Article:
See The Saddest Avoidable Mistake People Make When Getting Out of Debt to put this in perspective.

So My advice is to stick with the IBR, which you are going to have to qualify for each year, start building your savings account and participating in any employer sponsored retirement plan up to the maximum matching amount, and then let’s see what is available to use to pay down the mortgage.

Your comment about the IBR forgiveness in ten years worried me a bit. With the IBR the loan is forgiven after 25 years of payments. The Pay as You Earn Plan is forgiven after 20 and the Public Service Loan Forgiveness program is forgiven after 10. You can find out more in my guide here.

Another alternative is to save up what the extra you were going to pay the mortgage company each month and then make one yearly additional big payment.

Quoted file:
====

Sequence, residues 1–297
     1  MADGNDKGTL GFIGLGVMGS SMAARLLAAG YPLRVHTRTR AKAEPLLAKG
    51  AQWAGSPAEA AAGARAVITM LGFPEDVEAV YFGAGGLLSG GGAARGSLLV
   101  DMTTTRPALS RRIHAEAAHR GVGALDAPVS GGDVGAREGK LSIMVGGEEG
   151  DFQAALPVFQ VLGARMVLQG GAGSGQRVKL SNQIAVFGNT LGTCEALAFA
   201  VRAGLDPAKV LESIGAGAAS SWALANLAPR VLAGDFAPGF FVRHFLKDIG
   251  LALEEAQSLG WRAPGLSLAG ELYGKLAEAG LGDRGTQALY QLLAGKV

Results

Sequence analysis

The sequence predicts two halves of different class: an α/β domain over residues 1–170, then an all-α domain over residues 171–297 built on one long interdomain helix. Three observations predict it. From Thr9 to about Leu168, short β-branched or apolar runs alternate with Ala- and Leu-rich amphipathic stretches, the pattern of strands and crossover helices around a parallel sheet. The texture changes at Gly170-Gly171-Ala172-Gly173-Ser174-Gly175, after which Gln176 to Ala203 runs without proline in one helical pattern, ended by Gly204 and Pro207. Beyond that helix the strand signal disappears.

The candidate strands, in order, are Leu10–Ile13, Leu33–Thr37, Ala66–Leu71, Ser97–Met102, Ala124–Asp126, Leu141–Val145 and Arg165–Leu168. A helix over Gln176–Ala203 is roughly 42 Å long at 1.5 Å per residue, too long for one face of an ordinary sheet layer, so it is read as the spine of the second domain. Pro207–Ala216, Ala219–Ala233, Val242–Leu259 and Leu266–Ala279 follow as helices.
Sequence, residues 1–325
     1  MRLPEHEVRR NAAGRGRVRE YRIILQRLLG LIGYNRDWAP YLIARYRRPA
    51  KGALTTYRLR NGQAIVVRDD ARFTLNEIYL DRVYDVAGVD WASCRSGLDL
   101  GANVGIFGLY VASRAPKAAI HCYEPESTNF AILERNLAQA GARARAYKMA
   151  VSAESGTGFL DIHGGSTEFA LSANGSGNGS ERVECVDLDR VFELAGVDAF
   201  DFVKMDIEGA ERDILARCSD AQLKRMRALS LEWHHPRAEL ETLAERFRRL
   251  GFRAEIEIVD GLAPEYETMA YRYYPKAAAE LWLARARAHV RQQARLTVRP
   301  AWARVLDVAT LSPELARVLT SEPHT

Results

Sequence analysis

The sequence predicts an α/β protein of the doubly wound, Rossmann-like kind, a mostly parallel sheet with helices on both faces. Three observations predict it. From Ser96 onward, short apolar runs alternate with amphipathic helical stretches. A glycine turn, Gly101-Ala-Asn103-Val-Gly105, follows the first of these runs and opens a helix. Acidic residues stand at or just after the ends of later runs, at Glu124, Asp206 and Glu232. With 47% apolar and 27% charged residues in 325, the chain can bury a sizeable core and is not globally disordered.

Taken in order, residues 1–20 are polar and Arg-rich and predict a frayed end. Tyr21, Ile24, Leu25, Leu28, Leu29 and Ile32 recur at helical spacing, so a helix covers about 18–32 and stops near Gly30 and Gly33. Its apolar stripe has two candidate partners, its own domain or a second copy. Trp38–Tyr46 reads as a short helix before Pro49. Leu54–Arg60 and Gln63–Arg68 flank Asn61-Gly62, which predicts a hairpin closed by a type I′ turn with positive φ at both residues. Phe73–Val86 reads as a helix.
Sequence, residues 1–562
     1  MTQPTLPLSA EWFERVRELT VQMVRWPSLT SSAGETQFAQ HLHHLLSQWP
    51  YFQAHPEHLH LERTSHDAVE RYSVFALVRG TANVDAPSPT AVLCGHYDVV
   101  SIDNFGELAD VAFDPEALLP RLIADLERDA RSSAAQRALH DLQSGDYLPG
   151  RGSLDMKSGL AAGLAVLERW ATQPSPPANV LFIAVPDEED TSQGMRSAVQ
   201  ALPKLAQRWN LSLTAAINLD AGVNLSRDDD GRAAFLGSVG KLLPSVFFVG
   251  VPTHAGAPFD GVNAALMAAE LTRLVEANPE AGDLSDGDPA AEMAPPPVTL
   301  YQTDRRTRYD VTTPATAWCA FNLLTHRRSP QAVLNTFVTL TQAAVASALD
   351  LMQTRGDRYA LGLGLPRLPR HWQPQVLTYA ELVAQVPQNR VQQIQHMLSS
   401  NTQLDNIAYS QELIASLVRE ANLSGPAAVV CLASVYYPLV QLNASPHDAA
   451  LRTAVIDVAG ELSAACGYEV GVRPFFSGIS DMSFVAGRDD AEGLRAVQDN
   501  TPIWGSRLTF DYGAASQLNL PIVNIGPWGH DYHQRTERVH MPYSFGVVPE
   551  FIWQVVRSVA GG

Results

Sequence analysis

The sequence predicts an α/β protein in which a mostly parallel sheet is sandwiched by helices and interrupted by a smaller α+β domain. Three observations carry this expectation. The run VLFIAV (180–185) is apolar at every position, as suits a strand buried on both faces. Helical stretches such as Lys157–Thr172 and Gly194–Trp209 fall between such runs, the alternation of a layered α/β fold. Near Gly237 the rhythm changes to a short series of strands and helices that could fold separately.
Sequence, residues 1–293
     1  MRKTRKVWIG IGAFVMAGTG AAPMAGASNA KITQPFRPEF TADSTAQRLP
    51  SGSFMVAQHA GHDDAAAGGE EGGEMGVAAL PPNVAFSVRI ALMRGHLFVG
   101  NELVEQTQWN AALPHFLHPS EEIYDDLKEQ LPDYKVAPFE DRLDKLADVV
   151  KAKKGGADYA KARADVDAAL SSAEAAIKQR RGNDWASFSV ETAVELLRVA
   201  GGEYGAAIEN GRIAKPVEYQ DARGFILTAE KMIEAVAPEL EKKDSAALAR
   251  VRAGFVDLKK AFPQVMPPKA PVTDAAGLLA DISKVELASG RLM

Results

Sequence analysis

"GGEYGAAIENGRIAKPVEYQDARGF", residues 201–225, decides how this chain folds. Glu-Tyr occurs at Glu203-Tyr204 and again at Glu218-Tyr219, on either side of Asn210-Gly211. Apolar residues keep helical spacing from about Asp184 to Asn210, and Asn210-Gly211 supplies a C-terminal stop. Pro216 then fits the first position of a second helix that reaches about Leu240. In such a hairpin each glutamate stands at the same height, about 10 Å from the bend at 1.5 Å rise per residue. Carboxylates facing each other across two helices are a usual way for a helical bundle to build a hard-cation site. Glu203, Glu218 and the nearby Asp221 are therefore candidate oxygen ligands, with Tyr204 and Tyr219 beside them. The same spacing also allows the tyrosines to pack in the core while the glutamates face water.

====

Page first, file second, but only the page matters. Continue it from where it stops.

Don’t let your fear of the past control your financial management in the present and sacrifice a better financial future.

Please post your responses and follow-up messages to me on this in the comments section below.

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About Steve Rhode

Steve Rhode is the Get Out of Debt Guy and has been helping good people with bad debt problems since 1994. You can learn more about Steve, here.

One Comment

  1. Kem

    June 13, 2013 at 11:00 pm

    I like that quote, and you are absolutely right, I have a fear of debt, or rather, a fear of not being able to take care of my child. I guess I should’ve mentioned that my emergency fund is funded, I contribute up to the match in my 401k (plus I’ll have a pension coming later in life) and my student loan falls under the Public Service Forgiveness Program. So, even if I don’t feel like my current house is my “forever home”, would you still aim for paying off the mortgage before the student loan or investing?

    • Steve Rhode

      June 14, 2013 at 8:40 am

      Since helping people from 1994 on your situation is one that I see occasionally but not as often as you would think.